Fed spurs stocks higher, but some worry

Associated Press
In this Thursday, Sept. 13, 2012 photo, a pair of traders work in their booth on the floor of the New York Stock Exchange, in New York.  Economic data is coming out of Washington on Friday on inflation, retail sales, industrial production and business inventories. (AP Photo/Richard Drew)
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In this Thursday, Sept. 13, 2012 photo, a pair of traders work in their booth on the floor of the New York Stock Exchange, in New York. Economic data is coming out of Washington on Friday on inflation, retail sales, industrial production and business inventories. (AP Photo/Richard Drew)

NEW YORK (AP) — Stocks climbed again Friday, one day after the Federal Reserve announced big plans to stimulate the economy, even as some investors worried about how effective the help would be and how long the market gains would last.

The Dow Jones industrial average climbed above 13,600 for the first time since the start of the Great Recession in December 2007, and the Russell 2000 index of smaller companies hit an all-time high.

Markets rallied around the world in places where traders were reacting for the first time to the Fed announcement. Stocks climbed more than 2 percent in India and France and almost 2 percent in Japan and Germany.

Apple, the most valuable company in American history, blew through its own all-time high and neared $700 per share as it started taking orders for the iPhone 5.

The Dow rose as much as 113 points before pulling back. At mid-afternoon, it was up 36 points, about 0.3 percent, to 13,576. That put it less than 600 points away from its all-time high, 14,164 on Oct. 9, 2007.

The gains in the Standard & Poor's 500 and the Nasdaq composite index were larger in proportion. Both indexes include Apple, while the Dow doesn't — and benefited from Apple's big gain.

The S&P 500 was up six to 1,466. The Nasdaq composite rose 29 points to 3,185.

The Fed said Thursday it would buy $40 billion a month in mortgage bonds to stimulate the economy for as long as necessary, and even after the recovery gains strength. It pledged to hold short-term interest rates at super-low levels into 2015.

A day later, plenty of investors were still worried. They bought stock even as they worried that the Fed can't do much to fix the economy and bring down the high unemployment rate.

Tyler Vernon, chief investment officer of Biltmore Capital in Princeton, N.J., wanted to capitalize on the market euphoria while he could. He thinks it won't last, though.

That the Fed is still taking such aggressive steps to boost the economy, four years after the financial crisis, doesn't give him much comfort. The Fed, he said, is "like the morphine being pumped into the patient. It keeps the patient walking and talking."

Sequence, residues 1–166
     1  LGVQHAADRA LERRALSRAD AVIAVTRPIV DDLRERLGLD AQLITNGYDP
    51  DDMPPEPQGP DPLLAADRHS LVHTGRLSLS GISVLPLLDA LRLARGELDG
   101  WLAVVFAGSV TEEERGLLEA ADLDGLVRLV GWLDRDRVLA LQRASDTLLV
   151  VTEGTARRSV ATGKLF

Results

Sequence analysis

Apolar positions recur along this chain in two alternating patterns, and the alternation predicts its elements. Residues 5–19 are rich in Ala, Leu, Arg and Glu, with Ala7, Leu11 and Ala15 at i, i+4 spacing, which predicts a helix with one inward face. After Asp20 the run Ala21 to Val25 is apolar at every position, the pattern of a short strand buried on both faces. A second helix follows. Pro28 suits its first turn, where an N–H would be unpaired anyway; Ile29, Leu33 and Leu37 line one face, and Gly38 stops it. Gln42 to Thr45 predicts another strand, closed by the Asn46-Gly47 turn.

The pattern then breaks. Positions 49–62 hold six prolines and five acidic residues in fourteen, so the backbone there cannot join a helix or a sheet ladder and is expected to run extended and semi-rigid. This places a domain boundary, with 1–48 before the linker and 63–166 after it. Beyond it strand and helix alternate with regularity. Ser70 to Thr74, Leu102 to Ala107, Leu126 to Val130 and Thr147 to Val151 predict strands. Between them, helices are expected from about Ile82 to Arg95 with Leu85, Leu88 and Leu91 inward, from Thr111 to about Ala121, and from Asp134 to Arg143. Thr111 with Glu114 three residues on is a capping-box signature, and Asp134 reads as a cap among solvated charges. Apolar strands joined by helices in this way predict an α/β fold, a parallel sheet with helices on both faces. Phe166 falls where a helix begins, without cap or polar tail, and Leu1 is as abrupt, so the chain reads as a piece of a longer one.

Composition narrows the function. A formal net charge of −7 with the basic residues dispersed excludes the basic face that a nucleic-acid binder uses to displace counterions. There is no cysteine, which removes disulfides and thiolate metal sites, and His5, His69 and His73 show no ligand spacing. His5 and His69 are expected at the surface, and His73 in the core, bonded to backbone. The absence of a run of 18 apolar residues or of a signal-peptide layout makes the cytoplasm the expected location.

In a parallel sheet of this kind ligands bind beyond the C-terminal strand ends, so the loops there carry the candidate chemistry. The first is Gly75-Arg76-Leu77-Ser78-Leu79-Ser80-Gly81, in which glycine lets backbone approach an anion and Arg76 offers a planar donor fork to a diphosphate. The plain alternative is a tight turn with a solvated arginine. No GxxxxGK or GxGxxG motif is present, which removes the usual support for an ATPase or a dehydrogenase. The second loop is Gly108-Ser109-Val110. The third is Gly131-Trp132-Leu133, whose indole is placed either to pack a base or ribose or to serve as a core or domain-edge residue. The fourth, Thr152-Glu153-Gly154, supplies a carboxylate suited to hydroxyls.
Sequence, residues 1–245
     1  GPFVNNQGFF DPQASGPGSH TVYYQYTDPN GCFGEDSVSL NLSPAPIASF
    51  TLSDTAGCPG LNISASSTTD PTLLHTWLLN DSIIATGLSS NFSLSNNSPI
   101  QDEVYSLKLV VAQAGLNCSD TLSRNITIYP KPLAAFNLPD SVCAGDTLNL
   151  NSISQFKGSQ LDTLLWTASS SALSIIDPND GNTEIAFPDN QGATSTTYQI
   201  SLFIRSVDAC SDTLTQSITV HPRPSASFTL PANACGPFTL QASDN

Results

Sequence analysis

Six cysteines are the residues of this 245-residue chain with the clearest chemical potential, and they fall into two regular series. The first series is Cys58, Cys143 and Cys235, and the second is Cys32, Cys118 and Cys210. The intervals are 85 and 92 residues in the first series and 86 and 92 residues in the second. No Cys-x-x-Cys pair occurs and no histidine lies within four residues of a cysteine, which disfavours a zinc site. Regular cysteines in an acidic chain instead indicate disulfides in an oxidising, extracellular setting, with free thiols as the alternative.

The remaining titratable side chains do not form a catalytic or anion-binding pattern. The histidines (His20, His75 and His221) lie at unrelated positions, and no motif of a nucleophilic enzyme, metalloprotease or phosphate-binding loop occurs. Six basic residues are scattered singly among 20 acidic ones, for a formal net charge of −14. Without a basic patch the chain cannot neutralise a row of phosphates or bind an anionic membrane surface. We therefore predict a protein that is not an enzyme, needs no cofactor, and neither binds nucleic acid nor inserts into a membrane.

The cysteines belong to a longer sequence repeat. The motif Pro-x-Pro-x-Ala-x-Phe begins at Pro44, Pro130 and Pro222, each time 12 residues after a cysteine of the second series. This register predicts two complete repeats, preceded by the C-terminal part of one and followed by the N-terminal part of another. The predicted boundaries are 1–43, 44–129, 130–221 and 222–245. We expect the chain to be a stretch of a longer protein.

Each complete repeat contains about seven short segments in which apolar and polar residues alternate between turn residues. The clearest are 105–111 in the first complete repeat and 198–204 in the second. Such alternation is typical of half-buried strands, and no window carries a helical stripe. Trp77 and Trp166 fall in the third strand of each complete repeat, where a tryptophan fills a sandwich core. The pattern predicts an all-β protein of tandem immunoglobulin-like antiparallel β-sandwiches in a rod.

There are also questions about the effectiveness of the Fed action. Short-term interest rates have been near zero for years, noted Jeff Sica, president and chief investment officer of SICA Wealth Management in Morristown, N.J.

"How many times can you refinance your house?" Sica said.

To be sure, corporate profits are high, and stocks are relatively cheap by historical standards when compared to earnings.

The psychological effect of the Fed's action is important, too: If the Fed weren't buttressing the stock market and the Dow were thousands of points lower, consumers would feel less wealthy and cut spending.

But data out Friday underscored the tenuous state of the economy. U.S. industrial production fell in August by the largest amount in more than three years, the Fed reported.

High gas prices drove up consumer prices in August by the most in three years, the Labor Department said. The national average for a gallon of gas is around $3.87, a hardship for many families.

Dwight Johnston, chief economist of the California and Nevada Credit Union Leagues, expects any stock market gains to be short-lived — just like they were after other central bank moves, he said.

"The definition of insanity is doing the same thing over and over again and expecting different results," Johnston said. "I think this may qualify."

Among the stocks making notable moves:

— The Children's Place clothing store was up $2.03, or 3.5 percent, to $60.85 after a Citi analyst opened coverage of the company with a "buy" rating.

— The Cracker Barrel restaurant chain slipped $2.01, or 3 percent, to $64.16 after a KeyBanc analyst cut his rating to "hold" from "buy," citing high food costs.

— Staples was up 33 cents, or 2.8 percent, to $12.29 after Fortune magazine, citing anonymous sources, reported that private-equity firms are considering buying the office-supply company.

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